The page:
A vicious cycle of climate change and deforestation could wipe out
or severely damage nearly 60 percent of the Amazon forest by 2030,
said the World Wild Fund for Nature (WWF) at a press conference
held at the Bali International Convention center on Thursday.
From now to 2030, deforestation in the Amazon could release 55.
5 to 96.9 billion tons of CO2. At the upper end this is more than
two years of global greenhouse gas emission, said Dan Nepstad, a
senior scientist at the Woods Hole Research Center in
Massachusetts, at the press conference.
In addition, the destruction of the Amazon would also do away
with one of the key stabilizers of the global climate system, he
"The importance of the Amazon forest for the globe's climate
cannot be underplayed," said Dan Nepstad, who is also the author of
a new WWF report titled the Amazon's Vicious Cycles: Drought and
Fire in the Greenhouse, which reveals the dramatic consequences for
the local and global climate as well as the impacts on people's
livelihoods in South America.
"It's not only essential for cooling the world's temperature but
also such a large source of freshwater that it may be enough to
influence some of the great ocean currents, and on top of that it's
a massive store of carbon," he said.
He added that current trends in agriculture and livestock
expansion, fire, drought and logging could clear or severely damage
55 percent of the Amazon rainforest by 2030. If, as anticipated by
scientists, rainfall declines 10 percent in the future, then an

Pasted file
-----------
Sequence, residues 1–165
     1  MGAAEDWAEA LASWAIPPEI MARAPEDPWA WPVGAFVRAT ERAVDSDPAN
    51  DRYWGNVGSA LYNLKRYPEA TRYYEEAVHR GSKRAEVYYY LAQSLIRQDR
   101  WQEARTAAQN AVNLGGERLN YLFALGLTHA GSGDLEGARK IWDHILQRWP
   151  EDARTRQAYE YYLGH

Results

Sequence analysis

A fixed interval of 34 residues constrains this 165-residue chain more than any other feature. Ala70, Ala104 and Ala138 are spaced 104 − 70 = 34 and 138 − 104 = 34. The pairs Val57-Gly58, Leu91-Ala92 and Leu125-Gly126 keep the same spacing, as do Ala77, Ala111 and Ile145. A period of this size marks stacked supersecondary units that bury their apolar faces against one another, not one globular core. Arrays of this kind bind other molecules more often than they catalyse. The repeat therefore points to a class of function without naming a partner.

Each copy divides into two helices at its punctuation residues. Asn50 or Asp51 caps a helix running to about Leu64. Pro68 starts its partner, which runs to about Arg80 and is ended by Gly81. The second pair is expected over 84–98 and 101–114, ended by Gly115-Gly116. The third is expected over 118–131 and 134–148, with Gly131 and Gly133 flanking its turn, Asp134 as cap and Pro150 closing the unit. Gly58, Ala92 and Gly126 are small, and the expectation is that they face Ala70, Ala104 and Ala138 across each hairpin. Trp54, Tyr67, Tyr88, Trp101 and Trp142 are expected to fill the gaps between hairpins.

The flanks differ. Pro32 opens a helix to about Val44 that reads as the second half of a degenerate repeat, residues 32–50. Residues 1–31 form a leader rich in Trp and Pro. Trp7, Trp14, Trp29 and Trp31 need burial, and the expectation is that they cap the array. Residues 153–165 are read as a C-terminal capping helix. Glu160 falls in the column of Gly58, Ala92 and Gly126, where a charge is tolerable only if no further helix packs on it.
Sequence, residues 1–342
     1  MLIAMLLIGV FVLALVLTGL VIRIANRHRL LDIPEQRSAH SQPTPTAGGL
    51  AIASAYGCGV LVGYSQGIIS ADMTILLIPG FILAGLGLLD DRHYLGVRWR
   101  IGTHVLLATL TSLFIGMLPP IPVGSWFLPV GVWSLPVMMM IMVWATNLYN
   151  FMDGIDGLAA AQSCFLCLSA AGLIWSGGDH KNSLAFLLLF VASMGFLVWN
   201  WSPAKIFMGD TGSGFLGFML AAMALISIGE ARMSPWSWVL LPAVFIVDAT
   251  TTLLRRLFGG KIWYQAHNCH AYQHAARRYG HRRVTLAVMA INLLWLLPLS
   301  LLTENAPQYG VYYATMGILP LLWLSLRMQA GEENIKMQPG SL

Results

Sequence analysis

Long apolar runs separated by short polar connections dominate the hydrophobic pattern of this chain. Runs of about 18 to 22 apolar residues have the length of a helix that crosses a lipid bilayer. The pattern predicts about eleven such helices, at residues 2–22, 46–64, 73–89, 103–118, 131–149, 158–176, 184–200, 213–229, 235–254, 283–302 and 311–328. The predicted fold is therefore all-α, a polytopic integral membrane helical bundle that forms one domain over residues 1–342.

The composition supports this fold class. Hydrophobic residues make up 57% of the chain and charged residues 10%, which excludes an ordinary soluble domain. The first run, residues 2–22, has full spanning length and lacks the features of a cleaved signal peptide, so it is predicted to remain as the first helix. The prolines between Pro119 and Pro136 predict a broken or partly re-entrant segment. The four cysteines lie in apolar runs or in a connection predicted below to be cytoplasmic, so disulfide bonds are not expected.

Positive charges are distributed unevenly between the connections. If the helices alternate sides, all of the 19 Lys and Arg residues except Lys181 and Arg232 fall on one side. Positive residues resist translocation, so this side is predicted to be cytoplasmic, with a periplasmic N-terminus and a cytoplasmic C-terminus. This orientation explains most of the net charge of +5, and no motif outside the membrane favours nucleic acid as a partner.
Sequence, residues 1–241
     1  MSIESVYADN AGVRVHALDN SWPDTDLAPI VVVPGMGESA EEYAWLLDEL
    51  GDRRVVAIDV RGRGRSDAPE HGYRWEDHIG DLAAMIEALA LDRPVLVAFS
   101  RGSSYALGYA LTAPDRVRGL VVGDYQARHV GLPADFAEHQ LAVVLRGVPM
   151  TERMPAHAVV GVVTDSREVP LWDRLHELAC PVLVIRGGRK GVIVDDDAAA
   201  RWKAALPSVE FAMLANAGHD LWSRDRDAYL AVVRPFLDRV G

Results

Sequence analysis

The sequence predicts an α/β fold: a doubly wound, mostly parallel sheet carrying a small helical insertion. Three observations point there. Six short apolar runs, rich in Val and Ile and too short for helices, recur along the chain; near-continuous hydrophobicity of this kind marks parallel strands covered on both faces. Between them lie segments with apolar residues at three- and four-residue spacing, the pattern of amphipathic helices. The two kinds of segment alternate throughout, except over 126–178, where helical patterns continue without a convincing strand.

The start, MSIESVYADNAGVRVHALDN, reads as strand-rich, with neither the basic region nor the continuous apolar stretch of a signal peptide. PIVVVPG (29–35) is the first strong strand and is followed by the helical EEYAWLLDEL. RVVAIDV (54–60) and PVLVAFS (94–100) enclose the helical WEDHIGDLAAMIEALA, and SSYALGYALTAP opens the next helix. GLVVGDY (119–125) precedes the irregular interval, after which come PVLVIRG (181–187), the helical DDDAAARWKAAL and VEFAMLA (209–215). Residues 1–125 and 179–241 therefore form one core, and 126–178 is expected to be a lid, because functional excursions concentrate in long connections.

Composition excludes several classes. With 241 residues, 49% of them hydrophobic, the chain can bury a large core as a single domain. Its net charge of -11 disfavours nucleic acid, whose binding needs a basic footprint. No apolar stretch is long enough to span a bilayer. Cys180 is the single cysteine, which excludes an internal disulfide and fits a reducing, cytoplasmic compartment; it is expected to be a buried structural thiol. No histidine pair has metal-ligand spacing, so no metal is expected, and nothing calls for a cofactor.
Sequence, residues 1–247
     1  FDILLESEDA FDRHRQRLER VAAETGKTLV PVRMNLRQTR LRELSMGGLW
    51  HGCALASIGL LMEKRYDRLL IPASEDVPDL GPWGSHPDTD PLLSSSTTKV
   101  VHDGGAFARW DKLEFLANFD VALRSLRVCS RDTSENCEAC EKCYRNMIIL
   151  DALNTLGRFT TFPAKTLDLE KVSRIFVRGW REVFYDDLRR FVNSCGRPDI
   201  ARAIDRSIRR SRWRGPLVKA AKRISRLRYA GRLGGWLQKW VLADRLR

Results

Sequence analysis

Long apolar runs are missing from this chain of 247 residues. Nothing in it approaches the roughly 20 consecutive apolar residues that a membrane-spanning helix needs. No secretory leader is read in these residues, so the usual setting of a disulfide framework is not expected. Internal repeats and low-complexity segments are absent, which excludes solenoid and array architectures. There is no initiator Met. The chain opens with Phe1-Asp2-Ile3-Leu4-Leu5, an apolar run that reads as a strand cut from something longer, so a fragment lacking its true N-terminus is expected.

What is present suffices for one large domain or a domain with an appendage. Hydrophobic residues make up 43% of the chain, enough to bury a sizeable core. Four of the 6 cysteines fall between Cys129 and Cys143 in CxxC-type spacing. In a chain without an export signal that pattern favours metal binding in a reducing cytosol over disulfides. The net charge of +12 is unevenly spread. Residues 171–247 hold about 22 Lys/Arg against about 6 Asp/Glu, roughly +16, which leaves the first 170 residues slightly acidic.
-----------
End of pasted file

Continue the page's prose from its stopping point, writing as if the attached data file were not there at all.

additional 4 percent of the forests will be damaged by drought.
Global warming is in fact likely to reduce rainfall in the
Amazon by more than 20 percent, especially in the eastern Amazon,
and local temperatures will increase by more than 2 degrees
centigrade, and perhaps by as much as 8 degrees centigrade, during
the second half of the century, according to the report.
With further destruction of the Amazon forests, less rainfall in
India and Central America is anticipated, as would rainfall during
the growing season in the grain belts of the United States and
Brazil, the scientist said.
He called for strategies to halt deforestation in the Amazon,
include minimizing the negative impacts from cattle ranching and
infrastructure projects to rapidly expanding the existing network
of protected areas.
"We can still stop the destruction of the Amazon, but we need
the support of the rich countries," said Karen Suassuna, a climate
change analyst at WWF-Brazil, at the press conference. "Our success
in protecting the Amazon depends on how fast rich countries reduce
their climate damaging emissions to slow down global warming."
Climate change is initiating and speeding up the vicious circle.
Today, carbon from forest conversion to cattle pastures and
agriculture in the Brazilian Amazon is seeping into the atmosphere
at a rate of 0.2 to 0.3 billion tons per year. This number can
double when severe drought increases forest fires. Emissions from
all Amazon countries are doubling the figures for Brazil.
"The Kyoto Plus climate agreement must include measures to
reduce emissions from forests," said Hans Verolme, director of the
WWF's Global Climate Change Program.
"A failure to protect the Amazon forest will not only be a
disaster for millions of people who live in the Amazon region, but
also for the stability of the world climate," he warned.
Established in 1961, the WWF operates in more than 100 countries
working for a future in which humans live in harmony with
(Xinhua News Agency December 6, 2007)